Congress will reauthorize the Abandoned Infants Assistance (AIA) Act this year. This program provides grants to public and nonprofit private organizations to develop, implement, and operate programs related to foster care and residential care for abandoned infants and young children. Projects may include preventing the abandonment of children, identifying and addressing the needs of these children, helping them reside with their birthfamilies or foster families, and recruiting and training foster families. AIA was funded at $12 million in FY 2002-far below the authorization of $30 million.

Family Opportunity Act
The Family Opportunity Act would permit families to purchase Medicaid on a sliding-scale basis and allow states to extend Medicaid coverage to children with potentially severe disabilities. Families of children with severe disabilities often struggle to provide their children with appropriate medical services. This legislation will be reintroduced in the 108th Congress.

Ryan White CARE Act
First enacted in 1990, the Ryan White Comprehensive AIDS Resources Emergency (CARE) Act is the nation's largest federal investment in the care and treatment of people living with HIV/AIDS. The CARE Act supports a range of community-based services to children, youth, and families, including primary and home health care, case management, substance abuse treatment and mental health services, and nutritional services. Recognizing the need for increased services, Congress funded the Ryan White CARE program at $1.9 billion in FY 2002.

Key Facts

  • The U.S. teen pregnancy rate fell 19% between 1991 and 1997, from 116.5 pregnancies per 1,000 girls aged15-19 to 94.3. 1  Although this is encouraging news, access to a full range of family planning services for teenagers is necessary.

  • Every tax dollar spent for contraceptive services saves an average of $4 that would otherwise be spent to provide medical care, welfare benefits, and other social services. 2  For every dollar spent to provide publicly funded contraceptive services, the government saves an average of $3 in Medicaid costs for pregnancyrelated health care and medical care for newborns. 3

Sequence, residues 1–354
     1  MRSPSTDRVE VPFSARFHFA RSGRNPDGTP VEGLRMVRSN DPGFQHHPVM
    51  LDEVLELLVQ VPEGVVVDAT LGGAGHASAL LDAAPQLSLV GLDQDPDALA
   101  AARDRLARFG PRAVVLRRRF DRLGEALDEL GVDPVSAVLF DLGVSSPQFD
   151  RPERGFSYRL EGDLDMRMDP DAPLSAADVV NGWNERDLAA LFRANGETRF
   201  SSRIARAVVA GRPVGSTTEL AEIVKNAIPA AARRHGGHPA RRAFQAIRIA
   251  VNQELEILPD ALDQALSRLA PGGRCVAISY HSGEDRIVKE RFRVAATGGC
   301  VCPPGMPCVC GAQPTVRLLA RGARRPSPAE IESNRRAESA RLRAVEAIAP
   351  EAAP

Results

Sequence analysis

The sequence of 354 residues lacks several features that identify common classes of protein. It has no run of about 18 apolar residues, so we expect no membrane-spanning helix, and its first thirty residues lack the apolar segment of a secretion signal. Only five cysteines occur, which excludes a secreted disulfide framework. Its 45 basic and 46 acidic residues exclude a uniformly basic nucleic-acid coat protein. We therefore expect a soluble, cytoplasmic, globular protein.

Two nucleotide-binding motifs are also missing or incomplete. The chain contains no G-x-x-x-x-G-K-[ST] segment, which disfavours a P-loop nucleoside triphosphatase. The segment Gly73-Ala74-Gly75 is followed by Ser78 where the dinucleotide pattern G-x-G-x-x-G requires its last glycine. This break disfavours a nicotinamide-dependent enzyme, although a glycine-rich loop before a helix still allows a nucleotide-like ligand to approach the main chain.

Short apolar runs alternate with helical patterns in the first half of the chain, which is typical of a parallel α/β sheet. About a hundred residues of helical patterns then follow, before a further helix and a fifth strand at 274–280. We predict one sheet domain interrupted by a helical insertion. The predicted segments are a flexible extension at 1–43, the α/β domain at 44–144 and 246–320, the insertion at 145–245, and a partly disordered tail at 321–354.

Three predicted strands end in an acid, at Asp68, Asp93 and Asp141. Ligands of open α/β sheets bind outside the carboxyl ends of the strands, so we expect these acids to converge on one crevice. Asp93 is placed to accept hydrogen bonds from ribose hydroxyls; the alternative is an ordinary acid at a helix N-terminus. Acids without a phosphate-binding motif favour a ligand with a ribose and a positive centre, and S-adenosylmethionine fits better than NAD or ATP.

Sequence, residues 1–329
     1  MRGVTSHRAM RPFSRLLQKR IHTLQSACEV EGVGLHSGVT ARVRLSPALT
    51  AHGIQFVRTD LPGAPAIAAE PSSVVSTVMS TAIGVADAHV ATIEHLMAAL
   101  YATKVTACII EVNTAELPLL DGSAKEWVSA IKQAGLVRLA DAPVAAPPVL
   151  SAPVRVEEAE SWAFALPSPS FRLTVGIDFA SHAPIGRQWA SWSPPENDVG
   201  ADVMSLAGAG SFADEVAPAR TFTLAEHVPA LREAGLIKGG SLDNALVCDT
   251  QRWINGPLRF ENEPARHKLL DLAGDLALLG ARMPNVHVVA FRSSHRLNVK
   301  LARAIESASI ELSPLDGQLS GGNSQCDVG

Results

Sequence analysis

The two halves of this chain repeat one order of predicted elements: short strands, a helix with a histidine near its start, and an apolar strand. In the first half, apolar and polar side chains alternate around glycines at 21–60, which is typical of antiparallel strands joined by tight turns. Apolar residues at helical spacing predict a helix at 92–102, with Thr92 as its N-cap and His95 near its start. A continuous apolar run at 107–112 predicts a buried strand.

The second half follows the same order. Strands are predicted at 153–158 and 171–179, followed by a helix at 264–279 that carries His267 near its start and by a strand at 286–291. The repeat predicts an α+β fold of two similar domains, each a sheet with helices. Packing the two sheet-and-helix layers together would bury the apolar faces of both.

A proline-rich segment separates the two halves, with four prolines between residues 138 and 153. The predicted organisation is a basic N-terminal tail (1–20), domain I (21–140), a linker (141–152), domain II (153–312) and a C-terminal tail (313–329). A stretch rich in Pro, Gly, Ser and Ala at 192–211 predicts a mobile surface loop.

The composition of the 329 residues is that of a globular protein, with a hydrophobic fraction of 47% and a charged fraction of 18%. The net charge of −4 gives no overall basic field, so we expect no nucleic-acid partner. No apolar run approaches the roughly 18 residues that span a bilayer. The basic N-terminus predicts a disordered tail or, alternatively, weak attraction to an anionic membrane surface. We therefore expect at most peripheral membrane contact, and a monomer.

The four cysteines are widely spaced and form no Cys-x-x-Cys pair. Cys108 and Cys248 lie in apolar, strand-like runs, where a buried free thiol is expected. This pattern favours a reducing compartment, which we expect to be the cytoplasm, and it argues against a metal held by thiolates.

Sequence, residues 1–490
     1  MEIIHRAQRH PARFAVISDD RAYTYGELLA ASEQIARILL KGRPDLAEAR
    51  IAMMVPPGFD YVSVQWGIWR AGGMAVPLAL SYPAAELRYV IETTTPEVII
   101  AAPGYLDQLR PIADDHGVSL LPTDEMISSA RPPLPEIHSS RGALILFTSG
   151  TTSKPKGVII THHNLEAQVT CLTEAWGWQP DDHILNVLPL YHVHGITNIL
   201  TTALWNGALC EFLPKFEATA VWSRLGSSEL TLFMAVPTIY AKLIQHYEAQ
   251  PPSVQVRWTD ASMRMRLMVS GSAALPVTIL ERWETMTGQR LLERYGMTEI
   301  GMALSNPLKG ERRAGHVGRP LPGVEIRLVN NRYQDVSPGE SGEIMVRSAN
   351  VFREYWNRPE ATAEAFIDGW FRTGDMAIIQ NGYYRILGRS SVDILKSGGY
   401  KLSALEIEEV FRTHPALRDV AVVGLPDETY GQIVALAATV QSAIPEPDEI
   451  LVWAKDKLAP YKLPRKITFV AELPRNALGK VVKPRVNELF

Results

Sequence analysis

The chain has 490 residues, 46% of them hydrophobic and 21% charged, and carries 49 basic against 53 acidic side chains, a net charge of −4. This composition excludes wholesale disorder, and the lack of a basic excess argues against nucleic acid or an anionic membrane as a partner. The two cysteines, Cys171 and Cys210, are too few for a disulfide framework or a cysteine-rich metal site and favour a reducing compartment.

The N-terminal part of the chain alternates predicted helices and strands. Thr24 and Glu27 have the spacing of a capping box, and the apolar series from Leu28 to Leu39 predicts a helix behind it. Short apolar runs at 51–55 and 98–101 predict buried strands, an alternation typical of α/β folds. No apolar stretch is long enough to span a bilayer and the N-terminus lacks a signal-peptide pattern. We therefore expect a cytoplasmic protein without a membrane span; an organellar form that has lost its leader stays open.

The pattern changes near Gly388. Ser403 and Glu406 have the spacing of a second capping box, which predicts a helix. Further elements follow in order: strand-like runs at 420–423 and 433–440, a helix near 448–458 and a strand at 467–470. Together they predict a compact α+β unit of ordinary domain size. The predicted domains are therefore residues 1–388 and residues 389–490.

• An estimated 25% of all new cases of HIV infection in the United States occur in young people under age 21. 4  Each day, 27-54 young people under age 20 are infected with HIV. 5

  • Studies show that more than 80% of children in foster care have developmental, emotional, or behavioral problems. Mental health services are repeatedly identified as the number one health care need. 6


  1. Ventura, S.J.; Mosher, W.D.; Curtin, S.C.; Aboma, J.C.; & Henshaw, S. (2000). Trends in pregnancy rates for the United States, 1976-97: An update. Vital Health Statistics, 49 (4).
  2. Alan Guttmacher Institute. (1998). Teenage pregnancy and the welfare reform debate. New York: Author.
  3. Forrest, J.D., & Samara, R. (1996). Impact of publicly funded contraceptive services on unintended pregnancies and implications for Medicaid expenditures. Family Planning Perspectives, 28, 188-195.
  4. The White House, Office of the President. (1997). National AIDS strategy. Washington, DC: Government Printing Office.
  5. Office of National AIDS Policy. (1996). Youth and HIV/AIDS: An American agenda. (Report to the President). Washington, DC: Author.
  6. Kaplan, B.J., & Sadock, V.A. (Eds.). (2000). Comprehensive textbook on psychiatry, Vol. II. (7th ed.). Philadelphia: Lippincott Williams & Wilkins.

CWLA Contact

Barbara Allen